A federal immigration survey in 2012 by Citizenship and Immigration Canada echoes that skilled immigrants are employed as taxi drivers in Canada. A majority of them are doctors or had PhDs in their homelands before arriving in Canada for ostensibly a better life. In addition, 5.4 percent immigrant drivers had Master's degrees and 14 percent hold Bachelor’s Degrees, while in contrast, 1 percent  and 4 percent of Canadian-born drivers held these same documents respectively. The study shows that two out of four taxi drivers are immigrants and a majority of them are South Asians.
As shown by various surveys and interviews, there are a number of barriers and challenges that skilled immigrants confront in acquiring jobs based on their skills and knowledge. Some of them can include immigrants themselves, employers, problems in recognition of foreign credentials and experience, lack of Canadian experience, insufficient official language ability, lack of social networks, lack of information regarding jobs, current hiring practices, employer attitudes and discrimination, job stream and jurisdiction.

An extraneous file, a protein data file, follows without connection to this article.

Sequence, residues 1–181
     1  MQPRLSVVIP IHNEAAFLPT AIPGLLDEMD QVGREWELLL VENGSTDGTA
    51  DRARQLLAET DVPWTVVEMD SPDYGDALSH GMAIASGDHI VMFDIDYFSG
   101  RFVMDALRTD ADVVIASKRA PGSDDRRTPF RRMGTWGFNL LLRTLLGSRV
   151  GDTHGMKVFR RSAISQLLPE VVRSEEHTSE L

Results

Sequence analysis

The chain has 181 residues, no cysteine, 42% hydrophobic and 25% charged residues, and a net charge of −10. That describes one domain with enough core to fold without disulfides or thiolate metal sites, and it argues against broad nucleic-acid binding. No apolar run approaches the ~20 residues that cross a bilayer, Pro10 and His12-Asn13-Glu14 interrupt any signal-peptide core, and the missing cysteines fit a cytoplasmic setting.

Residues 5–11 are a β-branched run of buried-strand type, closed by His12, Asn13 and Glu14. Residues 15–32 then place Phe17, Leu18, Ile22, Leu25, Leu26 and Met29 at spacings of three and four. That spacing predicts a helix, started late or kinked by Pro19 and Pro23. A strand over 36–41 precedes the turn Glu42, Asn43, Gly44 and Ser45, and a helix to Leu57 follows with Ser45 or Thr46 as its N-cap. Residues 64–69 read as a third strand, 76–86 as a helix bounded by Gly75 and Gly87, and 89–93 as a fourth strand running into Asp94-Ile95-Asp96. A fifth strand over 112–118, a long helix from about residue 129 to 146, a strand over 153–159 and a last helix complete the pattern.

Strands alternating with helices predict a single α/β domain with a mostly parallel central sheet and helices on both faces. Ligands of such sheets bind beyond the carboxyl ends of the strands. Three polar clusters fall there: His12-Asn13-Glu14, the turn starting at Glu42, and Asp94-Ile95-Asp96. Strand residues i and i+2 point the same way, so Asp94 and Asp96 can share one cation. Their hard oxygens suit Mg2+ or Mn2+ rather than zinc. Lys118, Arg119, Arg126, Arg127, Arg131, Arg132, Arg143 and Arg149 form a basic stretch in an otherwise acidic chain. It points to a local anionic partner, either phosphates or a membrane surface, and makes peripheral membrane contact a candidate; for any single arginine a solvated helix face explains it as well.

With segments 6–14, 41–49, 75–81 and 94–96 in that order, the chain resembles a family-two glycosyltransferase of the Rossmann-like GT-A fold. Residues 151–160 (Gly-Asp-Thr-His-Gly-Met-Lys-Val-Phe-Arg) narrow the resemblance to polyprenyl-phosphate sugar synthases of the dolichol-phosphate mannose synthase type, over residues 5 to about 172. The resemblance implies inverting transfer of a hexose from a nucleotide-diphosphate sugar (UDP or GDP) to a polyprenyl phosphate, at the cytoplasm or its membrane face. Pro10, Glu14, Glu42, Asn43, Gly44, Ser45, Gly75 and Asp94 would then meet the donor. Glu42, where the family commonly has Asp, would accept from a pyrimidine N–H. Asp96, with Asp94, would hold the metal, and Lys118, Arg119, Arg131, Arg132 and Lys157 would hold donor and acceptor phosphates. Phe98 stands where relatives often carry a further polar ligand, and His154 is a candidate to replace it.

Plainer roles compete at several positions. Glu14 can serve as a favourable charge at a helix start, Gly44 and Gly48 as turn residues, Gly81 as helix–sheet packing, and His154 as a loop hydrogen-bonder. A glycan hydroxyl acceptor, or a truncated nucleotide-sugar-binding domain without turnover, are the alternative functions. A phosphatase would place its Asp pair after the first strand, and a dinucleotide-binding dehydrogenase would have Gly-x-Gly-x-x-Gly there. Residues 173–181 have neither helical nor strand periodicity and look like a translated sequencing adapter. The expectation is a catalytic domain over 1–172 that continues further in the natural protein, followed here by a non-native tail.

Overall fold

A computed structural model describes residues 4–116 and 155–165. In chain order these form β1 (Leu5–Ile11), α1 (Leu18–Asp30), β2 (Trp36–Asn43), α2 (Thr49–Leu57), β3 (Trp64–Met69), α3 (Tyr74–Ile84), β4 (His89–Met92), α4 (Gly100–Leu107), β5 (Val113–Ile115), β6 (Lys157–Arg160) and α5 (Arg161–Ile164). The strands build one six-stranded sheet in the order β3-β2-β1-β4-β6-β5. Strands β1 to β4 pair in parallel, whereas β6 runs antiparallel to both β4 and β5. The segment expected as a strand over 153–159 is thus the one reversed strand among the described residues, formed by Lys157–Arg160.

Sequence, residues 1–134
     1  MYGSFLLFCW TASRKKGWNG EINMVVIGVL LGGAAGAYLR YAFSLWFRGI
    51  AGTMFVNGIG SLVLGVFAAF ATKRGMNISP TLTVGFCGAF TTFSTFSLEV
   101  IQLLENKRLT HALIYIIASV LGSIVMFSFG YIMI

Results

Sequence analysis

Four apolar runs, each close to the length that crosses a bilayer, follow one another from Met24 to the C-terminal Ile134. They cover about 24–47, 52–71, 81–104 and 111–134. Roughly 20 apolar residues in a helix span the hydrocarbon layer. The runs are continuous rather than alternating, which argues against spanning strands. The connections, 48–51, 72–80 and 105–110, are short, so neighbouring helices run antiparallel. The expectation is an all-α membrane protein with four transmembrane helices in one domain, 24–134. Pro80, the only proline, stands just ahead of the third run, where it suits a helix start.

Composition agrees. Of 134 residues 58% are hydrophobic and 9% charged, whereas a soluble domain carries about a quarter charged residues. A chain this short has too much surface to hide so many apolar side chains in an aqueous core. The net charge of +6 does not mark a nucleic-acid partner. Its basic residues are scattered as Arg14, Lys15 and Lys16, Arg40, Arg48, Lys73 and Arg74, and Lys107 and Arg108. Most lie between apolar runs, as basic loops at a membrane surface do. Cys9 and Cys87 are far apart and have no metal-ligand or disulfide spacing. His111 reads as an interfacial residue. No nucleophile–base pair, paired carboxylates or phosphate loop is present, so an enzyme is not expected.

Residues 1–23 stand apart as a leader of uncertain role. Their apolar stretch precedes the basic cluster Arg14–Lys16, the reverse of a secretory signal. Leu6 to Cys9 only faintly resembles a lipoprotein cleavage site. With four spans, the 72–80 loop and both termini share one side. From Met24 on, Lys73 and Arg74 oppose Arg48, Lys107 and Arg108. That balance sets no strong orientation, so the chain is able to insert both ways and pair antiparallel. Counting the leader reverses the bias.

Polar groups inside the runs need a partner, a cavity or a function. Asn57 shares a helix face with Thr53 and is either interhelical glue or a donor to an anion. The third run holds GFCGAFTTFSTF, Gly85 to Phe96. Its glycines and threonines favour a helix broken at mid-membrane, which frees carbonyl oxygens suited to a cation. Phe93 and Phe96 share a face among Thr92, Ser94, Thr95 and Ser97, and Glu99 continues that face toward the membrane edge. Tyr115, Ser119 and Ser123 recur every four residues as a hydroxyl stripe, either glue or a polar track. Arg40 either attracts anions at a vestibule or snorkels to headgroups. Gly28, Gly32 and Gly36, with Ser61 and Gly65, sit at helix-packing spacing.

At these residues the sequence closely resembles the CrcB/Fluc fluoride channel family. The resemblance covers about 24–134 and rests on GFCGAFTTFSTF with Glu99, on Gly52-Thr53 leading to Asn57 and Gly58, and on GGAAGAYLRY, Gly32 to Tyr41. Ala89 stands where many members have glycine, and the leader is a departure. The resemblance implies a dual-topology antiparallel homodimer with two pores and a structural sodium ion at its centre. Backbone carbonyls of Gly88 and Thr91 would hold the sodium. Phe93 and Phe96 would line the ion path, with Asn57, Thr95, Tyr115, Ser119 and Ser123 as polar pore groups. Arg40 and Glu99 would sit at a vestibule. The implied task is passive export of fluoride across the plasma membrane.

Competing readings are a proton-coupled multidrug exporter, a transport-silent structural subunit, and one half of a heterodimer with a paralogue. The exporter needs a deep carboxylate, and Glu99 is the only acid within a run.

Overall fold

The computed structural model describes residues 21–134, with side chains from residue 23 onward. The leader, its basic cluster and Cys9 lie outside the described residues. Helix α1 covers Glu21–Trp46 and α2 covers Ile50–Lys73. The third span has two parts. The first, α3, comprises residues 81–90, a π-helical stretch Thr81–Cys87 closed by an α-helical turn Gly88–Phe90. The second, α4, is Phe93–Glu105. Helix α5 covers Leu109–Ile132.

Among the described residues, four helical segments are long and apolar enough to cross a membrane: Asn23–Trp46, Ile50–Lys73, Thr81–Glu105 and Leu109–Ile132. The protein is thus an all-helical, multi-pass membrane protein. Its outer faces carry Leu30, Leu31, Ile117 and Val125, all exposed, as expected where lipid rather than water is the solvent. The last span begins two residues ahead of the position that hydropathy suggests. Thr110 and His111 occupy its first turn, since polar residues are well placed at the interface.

Canadian Human Rights Act, Multiculturalism Act 1988 and different social policies restrict any kind of discrimination against newcomers. However, a growing amount of literature supports that there is a discrepancy between Canadian citizens and skilled immigrants. Templeton, L. 2011 argues that better jobs are difficult to acquire for non-white immigrants: Chinese, South Asian, Filipino and others often report of slight discrimination in the Canadian labour market. They are struggling and getting lower wages compared to the Eastern Europeans. Over the past one decade, some studies have emerged that attempts to articulate the link between skilled immigrants and underemployment in Canada. Instead of immigrants’ valuable education and skills being utilized in the knowledge economy, first generation immigrants are basically unemployed and/or underemployed. Those generations faced obstacles during their job search due to language fluency, cultural barriers, lack of social support, and discrimination. As a result, some researchers have observed a greater psychological stress within the low-income and immigrant communities in Canada. The higher rates of unemployment and underemployment of these immigrants represents a loss to all Canadians and the economy as a whole.
Laws and policies are major guidelines of a government that help to regulate their action. In the case of Canada’s underemployment and unemployment problem, the laws themselves do not fall short, but the implementation of them is the major concern. However, in some cases there are some legal and policy barriers that all levels of governments only address in the first stage of settlement rather than in the second stage of settlement regarding access to the labour market.
(The author is pursuing MA Public Policy and Administrationat the Ryerson University in Toronto, Canada.)